Judge partly dismisses the USWNT’s charges against US Soccer in the ongoing wage discrimination case

Aria Khalique and Helen Kang

On May 1, 2020, California Federal Judge R. Gary Klauser dismissed two out of the three claims made by the U.S. Women’s National Soccer Team (USWNT) in their ongoing wage discrimination lawsuit against the U.S. Soccer Federation (USSF). Klauser determined that the women earned more than the men in the latest world cup but disregarded the idea that the women’s total salary consists of earnings from domestic and international play while the men’s solely reflects international play.

The lawsuit began on Mar. 8 2019, three months before the 2019 FIFA Women’s World Cup. 28 players of the USWNT filed a 25-page gender discrimination lawsuit under the Equal Pay Act and Title VII of the Civil Rights Act against the USSF, claiming they were paid less for equal work and demanding a total of $66 million be paid to current and previous athletes to compensate for the lower wages. The USSF fought back saying the men’s and women’s teams have agreed to different collective bargaining agreements and pay structures. 

In his recent decision, Judge Klausner wrote that the players “have not demonstrated a triable issue that WNT players are paid less than MNT players,” thus rejecting the claim that the USWNT faces pay discrimination. 

Judge Klausner’s reasoning for not deeming the case “triable” lies in the USWNT’s claims. They cited the different pay structure as the reason they were paid less in the latest world cup. The women work with a base salary to which bonuses are added to if they keep winning while the men’s contract pays them for each roster they make whether it be for the MLS or the USMNT roster they meet. The women claimed that their salary cap was far less than the men’s and cited this as discrimination.

Judge Klausner explained that these claims were based on what the women could potentially earn as opposed to what they actually earned. In actuality, according to a financial analysis submitted by the USSF, the women earned $24.5 million between 2015 and 2019 while the men earned $18.5 million (Yahoo Sports).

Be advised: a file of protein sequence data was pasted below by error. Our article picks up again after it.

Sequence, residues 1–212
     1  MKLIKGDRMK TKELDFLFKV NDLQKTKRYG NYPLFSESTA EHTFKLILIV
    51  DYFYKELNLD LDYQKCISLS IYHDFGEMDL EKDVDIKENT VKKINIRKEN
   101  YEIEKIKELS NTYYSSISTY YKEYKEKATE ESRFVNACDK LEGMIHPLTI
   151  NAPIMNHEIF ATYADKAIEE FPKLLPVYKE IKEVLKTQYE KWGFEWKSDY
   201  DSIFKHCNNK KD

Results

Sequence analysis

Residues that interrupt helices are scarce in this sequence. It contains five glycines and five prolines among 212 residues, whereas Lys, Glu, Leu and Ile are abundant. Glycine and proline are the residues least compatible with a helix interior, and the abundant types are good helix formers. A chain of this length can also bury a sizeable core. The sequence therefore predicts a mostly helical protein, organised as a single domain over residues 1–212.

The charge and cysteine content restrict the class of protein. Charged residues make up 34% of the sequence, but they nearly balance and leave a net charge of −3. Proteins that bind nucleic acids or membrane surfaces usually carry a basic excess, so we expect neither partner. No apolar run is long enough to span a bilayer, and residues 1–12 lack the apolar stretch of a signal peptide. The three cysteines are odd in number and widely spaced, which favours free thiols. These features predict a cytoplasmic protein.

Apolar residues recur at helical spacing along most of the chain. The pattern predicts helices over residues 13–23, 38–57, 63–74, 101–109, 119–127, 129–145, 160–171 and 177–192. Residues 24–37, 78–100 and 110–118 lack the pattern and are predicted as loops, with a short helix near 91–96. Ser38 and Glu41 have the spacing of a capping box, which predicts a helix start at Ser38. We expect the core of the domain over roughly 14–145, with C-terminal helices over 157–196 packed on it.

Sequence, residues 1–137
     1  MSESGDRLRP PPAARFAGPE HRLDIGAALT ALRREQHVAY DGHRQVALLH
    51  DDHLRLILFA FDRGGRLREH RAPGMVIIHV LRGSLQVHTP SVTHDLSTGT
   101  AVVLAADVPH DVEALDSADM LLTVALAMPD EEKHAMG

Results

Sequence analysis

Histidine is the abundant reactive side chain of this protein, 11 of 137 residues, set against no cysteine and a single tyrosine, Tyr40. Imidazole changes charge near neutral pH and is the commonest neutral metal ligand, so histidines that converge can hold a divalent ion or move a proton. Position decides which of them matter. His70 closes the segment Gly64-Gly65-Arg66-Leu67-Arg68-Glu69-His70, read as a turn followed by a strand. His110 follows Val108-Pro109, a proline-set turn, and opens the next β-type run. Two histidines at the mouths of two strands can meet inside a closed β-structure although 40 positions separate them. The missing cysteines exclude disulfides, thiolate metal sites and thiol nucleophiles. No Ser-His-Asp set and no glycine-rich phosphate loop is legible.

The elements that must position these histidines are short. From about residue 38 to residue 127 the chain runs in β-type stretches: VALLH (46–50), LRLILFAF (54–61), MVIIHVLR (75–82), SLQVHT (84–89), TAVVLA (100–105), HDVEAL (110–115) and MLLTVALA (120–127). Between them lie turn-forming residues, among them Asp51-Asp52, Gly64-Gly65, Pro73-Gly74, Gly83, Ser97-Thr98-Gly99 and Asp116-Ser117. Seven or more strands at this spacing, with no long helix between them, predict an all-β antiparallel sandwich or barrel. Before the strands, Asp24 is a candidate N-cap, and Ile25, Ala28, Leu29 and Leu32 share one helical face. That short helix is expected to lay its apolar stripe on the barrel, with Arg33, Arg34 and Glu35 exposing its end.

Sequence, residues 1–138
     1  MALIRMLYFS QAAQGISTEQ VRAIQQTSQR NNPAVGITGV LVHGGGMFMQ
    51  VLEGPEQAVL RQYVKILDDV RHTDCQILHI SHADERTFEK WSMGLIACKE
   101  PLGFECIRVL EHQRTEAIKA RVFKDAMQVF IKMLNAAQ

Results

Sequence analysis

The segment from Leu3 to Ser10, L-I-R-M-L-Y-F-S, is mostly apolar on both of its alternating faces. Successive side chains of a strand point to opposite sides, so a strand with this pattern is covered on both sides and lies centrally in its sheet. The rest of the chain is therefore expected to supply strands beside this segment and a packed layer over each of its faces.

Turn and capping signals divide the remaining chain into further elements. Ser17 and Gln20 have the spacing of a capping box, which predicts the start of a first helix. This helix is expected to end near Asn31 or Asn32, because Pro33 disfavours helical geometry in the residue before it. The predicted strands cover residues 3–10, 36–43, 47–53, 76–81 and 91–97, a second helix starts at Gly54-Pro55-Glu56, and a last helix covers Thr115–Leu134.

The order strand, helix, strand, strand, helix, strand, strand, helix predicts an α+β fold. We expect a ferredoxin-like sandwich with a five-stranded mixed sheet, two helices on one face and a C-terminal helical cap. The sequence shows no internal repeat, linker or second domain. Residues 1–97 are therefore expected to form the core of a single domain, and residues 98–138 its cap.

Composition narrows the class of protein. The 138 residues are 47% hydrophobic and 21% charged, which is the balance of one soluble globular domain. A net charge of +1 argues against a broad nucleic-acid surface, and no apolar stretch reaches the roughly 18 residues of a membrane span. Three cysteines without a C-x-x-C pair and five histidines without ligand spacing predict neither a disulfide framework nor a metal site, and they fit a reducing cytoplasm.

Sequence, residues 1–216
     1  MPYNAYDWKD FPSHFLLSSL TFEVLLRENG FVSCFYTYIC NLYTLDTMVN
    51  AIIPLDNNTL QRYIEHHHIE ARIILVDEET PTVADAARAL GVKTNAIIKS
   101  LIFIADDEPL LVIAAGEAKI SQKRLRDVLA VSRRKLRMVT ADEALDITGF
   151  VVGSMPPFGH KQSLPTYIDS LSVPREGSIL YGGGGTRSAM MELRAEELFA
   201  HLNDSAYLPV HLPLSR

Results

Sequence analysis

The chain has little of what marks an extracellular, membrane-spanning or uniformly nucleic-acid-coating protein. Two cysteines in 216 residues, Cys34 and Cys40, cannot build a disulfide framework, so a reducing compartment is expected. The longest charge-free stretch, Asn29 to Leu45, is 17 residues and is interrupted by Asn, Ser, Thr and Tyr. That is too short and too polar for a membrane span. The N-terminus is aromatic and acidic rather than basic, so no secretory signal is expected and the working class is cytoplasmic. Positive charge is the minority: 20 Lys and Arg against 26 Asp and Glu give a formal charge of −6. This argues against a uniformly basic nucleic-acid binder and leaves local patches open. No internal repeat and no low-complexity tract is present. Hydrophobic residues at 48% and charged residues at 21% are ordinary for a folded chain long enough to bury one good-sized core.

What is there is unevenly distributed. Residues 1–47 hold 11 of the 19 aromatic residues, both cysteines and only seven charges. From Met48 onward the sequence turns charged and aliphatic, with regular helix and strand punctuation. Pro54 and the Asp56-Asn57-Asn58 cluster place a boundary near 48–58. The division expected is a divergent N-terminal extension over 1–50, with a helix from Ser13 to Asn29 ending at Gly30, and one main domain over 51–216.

These numbers prove the women were paid more but solely because the men’s team failed to qualify for the 2018 World Cup while the women’s team qualified and won the 2015 and 2019 Women’s World Cup. Had the men’s team qualified for the tournament, they would have been paid more than the women though they placed first for two World Cup’s back to back..

The USWNT’s attorney, Jefferey Kessler, did not use this argument but instead refuted these claims by saying that “these comparisons are legally irrelevant” because total compensation doesn’t mean the women were paid fairly for each game they played. However, the financial breakdown furthers that the women were paid on average $236,952 per game, a higher salary than the men’s at $212,639. 

The women team’s salary is only higher because their salary also includes their earnings from domestic soccer in the National Women’s Soccer League (NWSL), which they are required to play under their international contract. However, if solely the international salaries of both teams are compared, the USWNT’s average salary is far less than that of the USMNT.

Though the players insisted these numbers were false, the USSF provided enough evidence for Klausner to dismiss the claims of gender discrimination based on pay. The players’ other charges include less ideal playing and traveling conditions including hotel rooms, flights and training situations. Klausner did not dismiss these claims and they will be discussed in court. 

The trial to discuss these charges is now rescheduled from May 8 to June 16 due to the ongoing coronavirus pandemic.